“ The respondent appeared to argue that the applicant’s conduct was serious misconduct as it was “wilful and deliberate behaviour by an employee that is inconsistent with the contract of employment”. I am not satisfied that the applicant’s conduct in initially refusing to restore the shed to its former state or refusing to discuss the matter with Ms Holland some short time later was, in all the circumstances “wilful or deliberate behaviour” or in fact conduct so serious as to justify summary dismissal. I will expand on my reasons for reaching this conclusion in dealing with the matter of whether the dismissal was harsh, unjust or unreasonable. As summary dismissal was not warranted in this case the dismissal was inconsistent with the Code.”
 In our view this approach is not consistent with the requirements of the Small Business Fair Dismissal Code as it equates the test in the Code with a determination by the tribunal of whether summary dismissal was warranted.
 Deputy President Bartel in Narong Khammaneechan v Nanakhon Pty Ltd ATF Nanakhon Trading Trust T/A Banana Tree Cafe 11 said:
“ At the outset it is appropriate to note that unlike a consideration of the dismissal of an employee of a business that is not a small business employer, the function of FWA is not to determine on the evidence whether there was a valid reason for dismissal. That is, the exercise in the present matter does not involve a finding on the evidence as to whether the applicant did or did not steal the money. The application of the Small Business Fair Dismissal Code involves a determination as to whether there were reasonable grounds on which the respondent reached the view that the applicant’s conduct was serious enough to justify immediate dismissal. As such, the determination is to be based on the knowledge available to the employer at the time of the dismissal, and necessarily involves an assessment of the reasonableness of the steps taken by the employer to gather relevant information on which the decision to dismiss was based.”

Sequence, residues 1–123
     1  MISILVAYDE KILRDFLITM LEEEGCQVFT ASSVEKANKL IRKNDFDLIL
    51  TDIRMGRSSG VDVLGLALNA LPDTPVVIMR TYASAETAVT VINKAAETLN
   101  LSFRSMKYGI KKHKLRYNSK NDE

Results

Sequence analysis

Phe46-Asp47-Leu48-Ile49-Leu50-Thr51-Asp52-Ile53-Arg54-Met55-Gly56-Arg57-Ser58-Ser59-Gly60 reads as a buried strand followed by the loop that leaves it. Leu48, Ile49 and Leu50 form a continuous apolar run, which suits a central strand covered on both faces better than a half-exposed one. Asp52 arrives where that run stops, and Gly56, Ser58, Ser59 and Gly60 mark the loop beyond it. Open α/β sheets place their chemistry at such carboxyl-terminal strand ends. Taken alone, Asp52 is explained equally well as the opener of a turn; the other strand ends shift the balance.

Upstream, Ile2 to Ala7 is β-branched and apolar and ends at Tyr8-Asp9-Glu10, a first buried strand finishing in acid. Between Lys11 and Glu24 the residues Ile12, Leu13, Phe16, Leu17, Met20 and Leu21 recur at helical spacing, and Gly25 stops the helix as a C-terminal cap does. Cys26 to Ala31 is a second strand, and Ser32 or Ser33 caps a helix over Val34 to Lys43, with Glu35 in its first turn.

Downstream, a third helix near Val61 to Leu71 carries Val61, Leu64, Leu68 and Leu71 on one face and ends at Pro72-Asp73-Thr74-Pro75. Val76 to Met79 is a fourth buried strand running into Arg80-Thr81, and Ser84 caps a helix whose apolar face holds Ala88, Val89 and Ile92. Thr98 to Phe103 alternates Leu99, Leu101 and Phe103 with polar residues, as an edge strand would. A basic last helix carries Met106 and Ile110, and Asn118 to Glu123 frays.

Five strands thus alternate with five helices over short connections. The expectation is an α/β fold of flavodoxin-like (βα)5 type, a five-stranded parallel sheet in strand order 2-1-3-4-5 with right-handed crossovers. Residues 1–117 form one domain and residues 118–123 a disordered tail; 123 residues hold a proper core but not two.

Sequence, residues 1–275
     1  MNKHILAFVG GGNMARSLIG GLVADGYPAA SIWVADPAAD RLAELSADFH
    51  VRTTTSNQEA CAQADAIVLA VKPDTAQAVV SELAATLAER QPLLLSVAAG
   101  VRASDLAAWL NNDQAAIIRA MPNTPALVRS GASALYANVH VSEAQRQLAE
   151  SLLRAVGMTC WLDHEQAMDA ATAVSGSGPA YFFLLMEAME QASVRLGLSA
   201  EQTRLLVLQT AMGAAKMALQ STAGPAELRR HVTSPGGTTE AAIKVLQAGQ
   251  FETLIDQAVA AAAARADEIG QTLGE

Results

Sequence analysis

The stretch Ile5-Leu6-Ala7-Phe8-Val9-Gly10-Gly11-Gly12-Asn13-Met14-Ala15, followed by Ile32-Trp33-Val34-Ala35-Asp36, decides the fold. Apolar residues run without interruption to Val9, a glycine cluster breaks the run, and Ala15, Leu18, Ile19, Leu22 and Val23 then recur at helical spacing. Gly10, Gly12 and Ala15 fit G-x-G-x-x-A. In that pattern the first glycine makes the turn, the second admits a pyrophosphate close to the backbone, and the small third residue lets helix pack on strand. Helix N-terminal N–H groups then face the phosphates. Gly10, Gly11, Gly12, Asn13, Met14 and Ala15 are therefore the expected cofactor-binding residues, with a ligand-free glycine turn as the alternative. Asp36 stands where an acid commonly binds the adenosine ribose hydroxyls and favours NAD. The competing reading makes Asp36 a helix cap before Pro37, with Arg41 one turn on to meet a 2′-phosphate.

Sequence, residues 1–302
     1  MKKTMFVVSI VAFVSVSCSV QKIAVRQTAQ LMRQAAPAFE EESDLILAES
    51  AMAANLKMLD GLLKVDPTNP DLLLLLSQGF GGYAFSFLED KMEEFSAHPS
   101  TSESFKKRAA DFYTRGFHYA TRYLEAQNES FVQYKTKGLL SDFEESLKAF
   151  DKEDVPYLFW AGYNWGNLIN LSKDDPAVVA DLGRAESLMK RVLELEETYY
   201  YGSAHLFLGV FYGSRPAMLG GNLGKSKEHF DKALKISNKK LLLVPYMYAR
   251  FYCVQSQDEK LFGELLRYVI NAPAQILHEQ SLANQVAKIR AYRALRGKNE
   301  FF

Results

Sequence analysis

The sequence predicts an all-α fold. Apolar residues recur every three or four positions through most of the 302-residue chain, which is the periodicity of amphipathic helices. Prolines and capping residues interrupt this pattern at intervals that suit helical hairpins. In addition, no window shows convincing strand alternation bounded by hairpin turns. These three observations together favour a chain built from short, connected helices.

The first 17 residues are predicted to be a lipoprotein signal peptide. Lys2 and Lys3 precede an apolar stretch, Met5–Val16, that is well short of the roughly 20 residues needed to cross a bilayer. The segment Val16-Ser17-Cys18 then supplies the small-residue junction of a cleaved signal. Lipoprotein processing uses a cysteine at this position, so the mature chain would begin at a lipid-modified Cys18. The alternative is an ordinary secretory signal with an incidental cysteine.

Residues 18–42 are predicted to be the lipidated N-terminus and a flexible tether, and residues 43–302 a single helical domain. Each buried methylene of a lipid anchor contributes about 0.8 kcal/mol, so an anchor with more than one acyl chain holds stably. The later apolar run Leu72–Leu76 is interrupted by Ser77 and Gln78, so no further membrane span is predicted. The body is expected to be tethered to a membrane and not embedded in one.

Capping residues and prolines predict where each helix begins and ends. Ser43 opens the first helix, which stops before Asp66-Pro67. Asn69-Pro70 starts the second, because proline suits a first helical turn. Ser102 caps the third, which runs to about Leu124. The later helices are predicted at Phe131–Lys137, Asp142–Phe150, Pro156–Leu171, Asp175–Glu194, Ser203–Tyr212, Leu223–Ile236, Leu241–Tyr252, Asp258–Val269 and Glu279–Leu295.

Senior Deputy President O’Callaghan in Harley v Rosecrest Asset Pty Ltd T/A Can Do International 12 said:
“ For an employer to believe on reasonable grounds that the employee’s conduct is sufficiently serious to justify immediate dismissal, it is firstly necessary for the employer to establish that the employer did in fact hold the belief that as a matter of fact that (i) the conduct was by the employee; (ii) the conduct was serious; and (iii) that the conduct justified immediate dismissal. This is to be contrasted to the provisions of s.387(a) where FWA, in determining whether there was a valid reason for the dismissal, must find whether the conduct in fact occurred.
 Secondly, it is necessary for the employer to establish that there are reasonable grounds for the employer holding the belief. It is thus necessary for the employer to establish a basis for the belief held which is reasonable. In this regard it would usually be necessary for the employer to establish what inquires or investigations were made to support a basis for holding the belief. It would also ordinarily be expected that the belief held be put to the employee, even though the grounds for holding it may not be. Failure to make sufficient inquiries or to put the accusation to the employee in many circumstances might lead to a view that there were no reasonable grounds for the belief to be held.”